If you need to see a therapist, or psychotherapist, because you are having a hard time coping with your life and need additional skills to make this coping easier or if you need to work through something that is causing you mental stress, you likely appreciate all of the help that the therapist can provide. However, you might be keenly aware that there is a stigma against getting help for mental health issues. In small communities, you likely know that if the news that you were seeing a therapist got out, it might harm your friendships and career prospects. This is unfair and unfortunate, but it is more important that you get the help that you need without isolating yourself from your community. Here are some tips for keeping the fact that you're seeing a therapist private.
1. Find a Therapist in an Office That Performs Multiple Services
If you do not have a car and need to stay in your smaller town, try to find a therapist whose office is part of a larger practice that deals with all sorts of ailments. Your best bet would be to find a therapist that has an office nearby that of a physical therapist, since it would give you an excuse to go every week. This will allow you to hide the fact that you are seeing someone for a mental illness.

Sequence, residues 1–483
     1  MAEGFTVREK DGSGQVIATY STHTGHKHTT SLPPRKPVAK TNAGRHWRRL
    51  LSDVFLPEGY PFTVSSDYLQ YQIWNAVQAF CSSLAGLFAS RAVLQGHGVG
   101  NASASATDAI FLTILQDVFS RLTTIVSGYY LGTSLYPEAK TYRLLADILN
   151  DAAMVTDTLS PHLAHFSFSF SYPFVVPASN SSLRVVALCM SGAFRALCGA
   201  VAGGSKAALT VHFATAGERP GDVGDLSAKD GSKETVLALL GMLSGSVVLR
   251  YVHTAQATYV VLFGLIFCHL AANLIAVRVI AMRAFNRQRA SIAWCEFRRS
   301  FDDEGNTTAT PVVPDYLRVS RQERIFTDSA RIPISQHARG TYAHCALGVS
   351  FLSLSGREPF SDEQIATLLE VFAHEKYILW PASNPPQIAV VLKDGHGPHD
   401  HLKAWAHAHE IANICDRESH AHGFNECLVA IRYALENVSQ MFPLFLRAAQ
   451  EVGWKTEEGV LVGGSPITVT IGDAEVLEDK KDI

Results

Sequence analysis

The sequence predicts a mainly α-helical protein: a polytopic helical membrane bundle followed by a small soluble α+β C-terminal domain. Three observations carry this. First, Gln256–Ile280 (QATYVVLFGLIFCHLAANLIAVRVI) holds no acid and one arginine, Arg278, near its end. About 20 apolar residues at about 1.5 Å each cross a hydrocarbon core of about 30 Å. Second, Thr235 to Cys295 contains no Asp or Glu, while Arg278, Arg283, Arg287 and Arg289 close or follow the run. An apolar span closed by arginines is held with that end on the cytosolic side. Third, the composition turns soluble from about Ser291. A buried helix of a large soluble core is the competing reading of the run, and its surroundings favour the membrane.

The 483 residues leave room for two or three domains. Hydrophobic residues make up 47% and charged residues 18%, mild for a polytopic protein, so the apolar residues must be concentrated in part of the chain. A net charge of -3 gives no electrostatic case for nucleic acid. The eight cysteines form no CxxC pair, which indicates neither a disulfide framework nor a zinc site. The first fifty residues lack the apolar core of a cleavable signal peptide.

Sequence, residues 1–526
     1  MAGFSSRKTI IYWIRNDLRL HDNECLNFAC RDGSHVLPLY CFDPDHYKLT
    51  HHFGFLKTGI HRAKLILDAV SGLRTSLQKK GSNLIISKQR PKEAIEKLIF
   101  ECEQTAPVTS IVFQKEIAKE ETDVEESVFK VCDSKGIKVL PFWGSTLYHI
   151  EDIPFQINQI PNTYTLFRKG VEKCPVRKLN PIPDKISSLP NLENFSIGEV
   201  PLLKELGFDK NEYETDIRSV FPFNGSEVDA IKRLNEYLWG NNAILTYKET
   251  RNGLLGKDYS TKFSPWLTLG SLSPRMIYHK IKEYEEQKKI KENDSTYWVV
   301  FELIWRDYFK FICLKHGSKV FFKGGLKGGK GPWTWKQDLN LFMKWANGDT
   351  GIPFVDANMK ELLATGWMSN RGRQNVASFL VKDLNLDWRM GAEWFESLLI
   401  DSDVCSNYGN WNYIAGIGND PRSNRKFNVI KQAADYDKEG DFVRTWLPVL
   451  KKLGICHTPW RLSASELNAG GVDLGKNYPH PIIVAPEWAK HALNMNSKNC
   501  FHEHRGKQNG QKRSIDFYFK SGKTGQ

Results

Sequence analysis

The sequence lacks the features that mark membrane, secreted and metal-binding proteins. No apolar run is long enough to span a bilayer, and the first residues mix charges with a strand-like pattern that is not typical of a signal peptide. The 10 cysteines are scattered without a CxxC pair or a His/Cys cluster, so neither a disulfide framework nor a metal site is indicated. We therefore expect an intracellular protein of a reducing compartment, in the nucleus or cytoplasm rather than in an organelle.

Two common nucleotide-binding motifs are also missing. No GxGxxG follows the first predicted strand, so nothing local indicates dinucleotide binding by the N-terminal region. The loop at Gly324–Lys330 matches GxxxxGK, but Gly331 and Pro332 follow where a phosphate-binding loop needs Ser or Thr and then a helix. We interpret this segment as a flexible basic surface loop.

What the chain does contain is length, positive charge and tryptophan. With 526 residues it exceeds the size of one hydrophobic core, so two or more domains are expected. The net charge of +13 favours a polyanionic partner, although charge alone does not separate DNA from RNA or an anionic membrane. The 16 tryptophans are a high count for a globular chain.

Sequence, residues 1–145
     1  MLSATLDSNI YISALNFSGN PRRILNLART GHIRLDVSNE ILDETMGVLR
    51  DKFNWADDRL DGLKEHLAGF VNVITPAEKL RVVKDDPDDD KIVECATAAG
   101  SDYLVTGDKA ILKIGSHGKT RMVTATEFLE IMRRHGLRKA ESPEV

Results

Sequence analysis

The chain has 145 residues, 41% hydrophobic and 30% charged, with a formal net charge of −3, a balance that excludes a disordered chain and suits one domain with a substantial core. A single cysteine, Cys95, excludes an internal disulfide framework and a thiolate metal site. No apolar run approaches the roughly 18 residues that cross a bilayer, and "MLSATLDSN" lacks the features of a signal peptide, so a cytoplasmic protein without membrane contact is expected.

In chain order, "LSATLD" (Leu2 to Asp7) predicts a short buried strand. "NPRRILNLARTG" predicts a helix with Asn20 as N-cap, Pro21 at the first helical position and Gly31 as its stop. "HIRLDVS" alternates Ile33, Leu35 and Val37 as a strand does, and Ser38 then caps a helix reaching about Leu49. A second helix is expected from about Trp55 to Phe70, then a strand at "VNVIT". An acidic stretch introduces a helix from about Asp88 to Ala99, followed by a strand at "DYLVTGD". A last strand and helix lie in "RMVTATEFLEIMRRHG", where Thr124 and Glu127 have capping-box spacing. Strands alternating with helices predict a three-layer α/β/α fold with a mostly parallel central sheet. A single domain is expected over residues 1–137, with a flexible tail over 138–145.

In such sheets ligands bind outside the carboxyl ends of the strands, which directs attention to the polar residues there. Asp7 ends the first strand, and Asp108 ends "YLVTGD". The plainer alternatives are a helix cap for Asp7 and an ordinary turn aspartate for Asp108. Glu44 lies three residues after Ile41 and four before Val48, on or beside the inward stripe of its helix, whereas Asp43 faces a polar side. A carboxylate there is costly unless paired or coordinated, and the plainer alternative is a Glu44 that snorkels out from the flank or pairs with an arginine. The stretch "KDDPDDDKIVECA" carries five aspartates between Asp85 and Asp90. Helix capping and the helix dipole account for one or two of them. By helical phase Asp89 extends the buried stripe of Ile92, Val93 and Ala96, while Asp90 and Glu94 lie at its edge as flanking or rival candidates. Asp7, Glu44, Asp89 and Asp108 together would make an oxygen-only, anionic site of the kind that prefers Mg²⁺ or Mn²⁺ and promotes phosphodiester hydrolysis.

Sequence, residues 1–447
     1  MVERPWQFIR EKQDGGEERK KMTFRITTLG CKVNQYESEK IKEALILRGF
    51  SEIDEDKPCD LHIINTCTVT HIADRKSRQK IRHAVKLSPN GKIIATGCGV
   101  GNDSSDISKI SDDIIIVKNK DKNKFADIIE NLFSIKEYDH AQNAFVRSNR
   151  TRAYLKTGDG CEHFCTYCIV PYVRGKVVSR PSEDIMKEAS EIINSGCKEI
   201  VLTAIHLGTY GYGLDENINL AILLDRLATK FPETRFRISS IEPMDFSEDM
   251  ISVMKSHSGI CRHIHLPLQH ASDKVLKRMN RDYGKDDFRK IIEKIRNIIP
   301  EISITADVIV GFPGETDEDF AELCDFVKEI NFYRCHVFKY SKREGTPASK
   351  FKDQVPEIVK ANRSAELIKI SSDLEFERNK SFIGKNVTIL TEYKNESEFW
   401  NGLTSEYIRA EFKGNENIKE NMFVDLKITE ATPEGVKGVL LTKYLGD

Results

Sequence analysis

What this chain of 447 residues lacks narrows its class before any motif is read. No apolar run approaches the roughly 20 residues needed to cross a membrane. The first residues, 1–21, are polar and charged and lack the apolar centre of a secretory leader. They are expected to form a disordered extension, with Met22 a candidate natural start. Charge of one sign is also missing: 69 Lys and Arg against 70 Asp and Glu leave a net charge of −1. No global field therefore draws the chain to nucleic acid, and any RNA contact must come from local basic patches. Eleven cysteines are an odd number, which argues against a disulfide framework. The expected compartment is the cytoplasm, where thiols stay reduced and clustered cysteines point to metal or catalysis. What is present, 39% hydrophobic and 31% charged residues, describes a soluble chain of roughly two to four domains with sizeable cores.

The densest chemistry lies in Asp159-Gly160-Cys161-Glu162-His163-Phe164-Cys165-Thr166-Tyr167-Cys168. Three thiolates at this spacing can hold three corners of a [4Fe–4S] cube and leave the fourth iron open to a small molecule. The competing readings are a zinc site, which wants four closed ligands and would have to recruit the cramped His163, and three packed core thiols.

2. Find a Therapist in Another Town
If you do have a car, your best bet is to find a therapist that is located in another town. This is because it will be easier for you to make sure that you can keep your whereabouts private. Call your insurance company to see where you are covered in another town and come up with a reason to go there every week. Physical therapy is also a decent lie in this situation.
3. Start the Conversation
Finally, you could consider starting a conversation about mental illness and the importance of getting help. There is an excellent chance that you are not the only person suffering from the effects of mental illness. Being more open about your struggles and treatment could help encourage others to seek out assistance. Talk to your therapist about how to broach this topic with your family and friends in a way that does not put your current recovery at risk.
For more information, talk to a company that specializes in psychotherapy.Share
27 May 2017
From the time I was born to the time I graduated high school, my parents were very overprotective of me and shielded me from all of the "bad" things in the world. When I decided to go to college out of state, they wanted me to stay closer to home, but gave into my wishes eventually. Once I got settled at college, I realized just how attached I was to my parents. I began to feel so homesick that I almost quit before the first semester ended. I decided to visit a counselor to see if she could help me get through the semester, and after just a couple of visits, I began actually enjoying my time away from home. I know there are others in tough situations like I was who need guidance, so I decided to start a blog to share my tips for coping with stressful situations.